Nikolay is from Odesa. He is currently walking down the streets of Brussels, the capital of Europe, and tells me about an exhibition he is planning for Prague. I'm in the historically cosmopolitan city of Palermo, where cultures have always mixed. I don’t hear him very well, but looking at the Norman-Arab penetration of the local architecture, I fully understand cultural appropriation, which Nikolay tries to outline to me through his works. Although against the background of our phone call, a little more to the east, there is a war, we can continue to move freely across the European area. Sometimes the hand on the imaginary geopolitical weights of polarity shifts a little further east, sometimes more to west. At the same time, it is becoming increasingly difficult to determine where the East begins and where the West ends, whether the Orient still exists and, standing in opposition to it, the Occident. Or whether it is better to see it through the concept of ‘nesting orientalism’ introduced in the 90s by Serbian theorist Milica Bakic-Hayden about possible fluid ‘orientations’, as each culture considers its neighboring regions to the east and south to be more primitive, and therefore there are gradations of ‘East’. So we are currently in Prague, in the middle of Central Europe (Wikipedia actually defines Central Europe as consisting of nine nation states with Prague as its center), which we could at least for this exhibition consider as an oasis, a mobile laboratory in which to experiment with colonial perspectives.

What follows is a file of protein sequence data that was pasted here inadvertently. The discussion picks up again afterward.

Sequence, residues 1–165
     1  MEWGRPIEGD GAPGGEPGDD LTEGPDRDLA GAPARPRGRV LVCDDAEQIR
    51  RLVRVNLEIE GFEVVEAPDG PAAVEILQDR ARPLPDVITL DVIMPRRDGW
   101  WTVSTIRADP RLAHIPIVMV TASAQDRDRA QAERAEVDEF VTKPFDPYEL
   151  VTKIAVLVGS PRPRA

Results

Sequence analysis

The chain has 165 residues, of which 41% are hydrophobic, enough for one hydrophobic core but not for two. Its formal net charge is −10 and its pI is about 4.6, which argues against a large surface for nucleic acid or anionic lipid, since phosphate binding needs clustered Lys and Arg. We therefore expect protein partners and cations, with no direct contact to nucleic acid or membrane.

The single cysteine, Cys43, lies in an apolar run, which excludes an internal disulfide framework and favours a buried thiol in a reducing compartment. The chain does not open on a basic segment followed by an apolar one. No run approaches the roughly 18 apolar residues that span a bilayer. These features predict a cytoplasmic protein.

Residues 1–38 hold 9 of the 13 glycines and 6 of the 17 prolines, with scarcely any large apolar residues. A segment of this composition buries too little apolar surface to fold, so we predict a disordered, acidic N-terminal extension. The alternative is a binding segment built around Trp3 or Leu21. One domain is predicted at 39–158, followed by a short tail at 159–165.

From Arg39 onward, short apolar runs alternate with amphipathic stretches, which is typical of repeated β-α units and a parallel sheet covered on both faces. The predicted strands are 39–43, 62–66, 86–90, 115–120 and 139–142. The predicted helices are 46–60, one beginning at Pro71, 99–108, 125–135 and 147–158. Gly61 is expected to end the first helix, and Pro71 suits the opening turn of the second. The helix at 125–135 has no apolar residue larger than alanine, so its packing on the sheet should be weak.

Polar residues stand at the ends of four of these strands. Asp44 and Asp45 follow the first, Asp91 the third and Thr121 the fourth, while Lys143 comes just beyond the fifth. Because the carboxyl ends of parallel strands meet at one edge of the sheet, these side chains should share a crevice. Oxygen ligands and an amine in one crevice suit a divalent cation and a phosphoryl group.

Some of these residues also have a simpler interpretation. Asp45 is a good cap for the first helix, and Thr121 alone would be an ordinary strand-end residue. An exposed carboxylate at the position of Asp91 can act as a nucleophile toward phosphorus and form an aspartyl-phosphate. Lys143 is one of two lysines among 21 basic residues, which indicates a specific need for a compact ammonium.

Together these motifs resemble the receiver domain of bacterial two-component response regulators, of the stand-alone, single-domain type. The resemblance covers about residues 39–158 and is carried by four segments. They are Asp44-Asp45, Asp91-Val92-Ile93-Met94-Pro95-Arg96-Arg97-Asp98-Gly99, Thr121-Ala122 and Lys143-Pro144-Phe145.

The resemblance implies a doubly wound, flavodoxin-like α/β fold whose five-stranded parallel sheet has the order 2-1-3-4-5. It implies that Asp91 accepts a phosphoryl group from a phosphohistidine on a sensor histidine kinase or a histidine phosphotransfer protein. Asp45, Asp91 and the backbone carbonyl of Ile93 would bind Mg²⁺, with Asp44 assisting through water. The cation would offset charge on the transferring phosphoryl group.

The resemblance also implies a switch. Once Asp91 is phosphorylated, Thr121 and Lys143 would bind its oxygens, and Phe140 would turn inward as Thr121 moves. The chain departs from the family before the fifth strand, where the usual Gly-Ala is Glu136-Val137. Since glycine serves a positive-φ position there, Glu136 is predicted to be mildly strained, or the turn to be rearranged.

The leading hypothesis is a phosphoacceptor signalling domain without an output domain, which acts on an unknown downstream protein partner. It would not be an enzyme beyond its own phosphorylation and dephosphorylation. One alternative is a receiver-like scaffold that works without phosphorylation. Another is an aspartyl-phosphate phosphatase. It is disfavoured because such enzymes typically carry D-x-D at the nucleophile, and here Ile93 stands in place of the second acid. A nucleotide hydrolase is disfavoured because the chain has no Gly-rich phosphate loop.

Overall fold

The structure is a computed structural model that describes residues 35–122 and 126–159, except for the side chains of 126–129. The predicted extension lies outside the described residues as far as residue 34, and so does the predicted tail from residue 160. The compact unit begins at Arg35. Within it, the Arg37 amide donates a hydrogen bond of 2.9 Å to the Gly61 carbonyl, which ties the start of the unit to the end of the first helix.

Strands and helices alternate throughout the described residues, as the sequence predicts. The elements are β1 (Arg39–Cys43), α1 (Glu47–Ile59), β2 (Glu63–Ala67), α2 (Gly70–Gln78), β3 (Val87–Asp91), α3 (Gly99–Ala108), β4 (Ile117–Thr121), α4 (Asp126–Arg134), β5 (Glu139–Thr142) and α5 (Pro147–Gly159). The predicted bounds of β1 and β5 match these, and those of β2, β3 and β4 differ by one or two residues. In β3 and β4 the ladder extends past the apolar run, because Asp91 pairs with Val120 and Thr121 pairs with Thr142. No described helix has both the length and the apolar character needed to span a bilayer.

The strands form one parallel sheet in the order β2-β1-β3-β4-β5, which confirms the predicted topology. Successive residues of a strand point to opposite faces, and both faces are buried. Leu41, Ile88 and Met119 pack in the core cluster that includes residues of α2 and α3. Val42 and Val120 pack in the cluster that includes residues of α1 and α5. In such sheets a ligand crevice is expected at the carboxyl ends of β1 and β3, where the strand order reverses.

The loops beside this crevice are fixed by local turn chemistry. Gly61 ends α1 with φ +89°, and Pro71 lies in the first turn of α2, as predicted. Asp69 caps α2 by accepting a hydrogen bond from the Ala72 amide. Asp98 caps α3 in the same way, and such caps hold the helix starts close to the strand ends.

One of the objects exhibited is a lightbox ‘advertising’ Estern Union and which gives the name to the exhibition. It does not refer so much to the political organization of the EU as to Western Union, the company which is a hundred years older. WU does not engage in the transfer of ideas or cultural capital, but in international money transactions. Trans moments, moments undergoing a transformation, can often be found in the work of Nikolay Karabinovych - in the form of transits, transcultural exchanges and translations. In a similar way as the art group Slavs and Tatars who focus on Eurasia, Nikolay works with language and cultural references to create new connections between seemingly disparate concepts. He freely deconstructs known structures and leaves space for play and error. He uses the exhibition space as a laboratory in which he engages spectators to reconsider their views, to alter how they see things, whether it is through ready-made objects or direct references drawn from Western-established art history, appropriated and newly interpreted. An important component of most of Nikolay’s projects is also music. Cover versions of well-known songs defining historical eras are a functional artistic tool to stimulate the senses of the audience and through their own musical interpretations allow them to see deeper structures conditioning the origin of the composition or its cultural references.
4k video, sound, color, 8’16’’